The philosophy among development-course instructors was pretty consistent, with all that I spoke to agreeing that the site is useful, but that it’s also possible for it to become a crutch. “If you just copy and paste the first thing you see, that’s very often not going to help you,” Charlie Drews, an Android development instructor at General Assembly, said. “It might make your program worse and it’s certainly not going to teach you anything.” Newer coding sites, like CodePen, Glitch, and repl.it, have leaned on that collaborative, iterative spirit to help iron out kinks.

And while copying code is not directly akin to plagiarism, it is similarly easy for experienced developers to spot. Drew Mahrt, another GA instructor, said, “You can see that there’s like a stark difference [in the code] and suddenly they have these really long descriptive variable names or they’re using things that are way beyond the level that they were at previously.”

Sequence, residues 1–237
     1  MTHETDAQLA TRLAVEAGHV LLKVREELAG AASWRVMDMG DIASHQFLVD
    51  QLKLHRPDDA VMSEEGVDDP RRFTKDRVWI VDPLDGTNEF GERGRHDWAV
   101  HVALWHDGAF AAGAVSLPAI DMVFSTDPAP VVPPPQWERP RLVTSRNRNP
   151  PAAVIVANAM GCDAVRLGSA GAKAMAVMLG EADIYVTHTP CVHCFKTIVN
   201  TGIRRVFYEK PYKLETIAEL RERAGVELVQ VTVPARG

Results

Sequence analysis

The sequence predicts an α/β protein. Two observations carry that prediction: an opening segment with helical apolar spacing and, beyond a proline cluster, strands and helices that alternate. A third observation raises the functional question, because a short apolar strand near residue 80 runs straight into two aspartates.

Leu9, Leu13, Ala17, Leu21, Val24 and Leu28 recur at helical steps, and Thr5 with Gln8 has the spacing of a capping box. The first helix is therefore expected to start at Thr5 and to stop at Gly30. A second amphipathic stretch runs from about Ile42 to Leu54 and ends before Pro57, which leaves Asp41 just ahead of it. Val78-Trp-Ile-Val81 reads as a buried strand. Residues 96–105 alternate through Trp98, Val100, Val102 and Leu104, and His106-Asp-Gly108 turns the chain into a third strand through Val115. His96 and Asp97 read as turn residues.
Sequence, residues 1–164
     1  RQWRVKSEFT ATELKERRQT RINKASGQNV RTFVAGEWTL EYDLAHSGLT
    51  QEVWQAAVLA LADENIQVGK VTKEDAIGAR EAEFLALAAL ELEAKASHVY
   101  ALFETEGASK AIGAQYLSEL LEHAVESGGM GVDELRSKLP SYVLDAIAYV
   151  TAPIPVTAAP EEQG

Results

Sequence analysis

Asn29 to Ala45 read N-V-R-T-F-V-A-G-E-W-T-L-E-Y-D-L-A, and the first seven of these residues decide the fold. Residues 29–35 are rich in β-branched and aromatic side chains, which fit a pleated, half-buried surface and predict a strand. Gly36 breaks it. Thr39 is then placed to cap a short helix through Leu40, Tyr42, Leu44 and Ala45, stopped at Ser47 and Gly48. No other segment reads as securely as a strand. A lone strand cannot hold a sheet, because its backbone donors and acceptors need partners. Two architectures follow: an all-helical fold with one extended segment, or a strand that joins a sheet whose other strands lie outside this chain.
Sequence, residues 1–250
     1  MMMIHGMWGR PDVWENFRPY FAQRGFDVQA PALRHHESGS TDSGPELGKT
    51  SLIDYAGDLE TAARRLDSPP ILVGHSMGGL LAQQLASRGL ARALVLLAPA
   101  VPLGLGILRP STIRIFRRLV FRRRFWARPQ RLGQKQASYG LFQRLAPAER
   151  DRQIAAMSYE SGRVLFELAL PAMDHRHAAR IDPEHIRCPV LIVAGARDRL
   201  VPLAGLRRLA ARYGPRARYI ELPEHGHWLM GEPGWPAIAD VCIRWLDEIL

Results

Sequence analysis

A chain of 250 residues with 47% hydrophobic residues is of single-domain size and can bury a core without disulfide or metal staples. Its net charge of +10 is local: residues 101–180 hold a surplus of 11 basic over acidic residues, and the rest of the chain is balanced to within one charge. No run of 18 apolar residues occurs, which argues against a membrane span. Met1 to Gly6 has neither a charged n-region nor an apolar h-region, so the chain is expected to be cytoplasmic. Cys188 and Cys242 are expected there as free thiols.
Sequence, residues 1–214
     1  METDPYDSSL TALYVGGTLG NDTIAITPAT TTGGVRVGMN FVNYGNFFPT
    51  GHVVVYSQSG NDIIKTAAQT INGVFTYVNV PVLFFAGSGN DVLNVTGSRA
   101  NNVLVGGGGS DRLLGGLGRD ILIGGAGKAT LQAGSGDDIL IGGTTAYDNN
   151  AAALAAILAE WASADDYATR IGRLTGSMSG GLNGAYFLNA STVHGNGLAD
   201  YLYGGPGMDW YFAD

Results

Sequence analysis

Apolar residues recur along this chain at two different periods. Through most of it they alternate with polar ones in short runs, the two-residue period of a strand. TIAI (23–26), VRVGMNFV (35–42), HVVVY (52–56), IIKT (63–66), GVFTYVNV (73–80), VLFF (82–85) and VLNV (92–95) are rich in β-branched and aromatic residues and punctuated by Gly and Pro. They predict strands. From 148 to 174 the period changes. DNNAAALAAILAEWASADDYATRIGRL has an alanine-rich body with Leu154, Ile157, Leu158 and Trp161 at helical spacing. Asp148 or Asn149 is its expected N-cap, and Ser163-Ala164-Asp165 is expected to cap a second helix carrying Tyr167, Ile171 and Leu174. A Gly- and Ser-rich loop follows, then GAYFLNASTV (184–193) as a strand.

Similarly perilous is the fact that code changes very quickly. Android development practices, as an example, have changed drastically over the last few years, but the popular Stack Overflow solutions are still from 2013, meaning that budding developers might be learning through outdated solutions.

“The question you’re asking is one that educators have wrestled with since the Hellenic Age,” Harms noted at the beginning of our discussion. In the Phaedrus, Plato, writing as Socrates, complains of students that use the written word: “Their trust in writing, produced by external characters which are no part of themselves, will discourage the use of their own memory within them. You have invented an elixir not of memory, but of reminding; and you offer your pupils the appearance of wisdom, not true wisdom.” Plato, once you explained electricity, the computer, the internet, coding, and the modern economy to him, would not like Stack Overflow, which joins a long lineage of existentially perilous new innovations, beginning with writing and then, more recently, Google and Wikipedia. For coders, the site is best as a means to an end, not a catchall solution. But when you’re on deadline for a major product, and you just can’t get your code to work, there’s no better means to an end.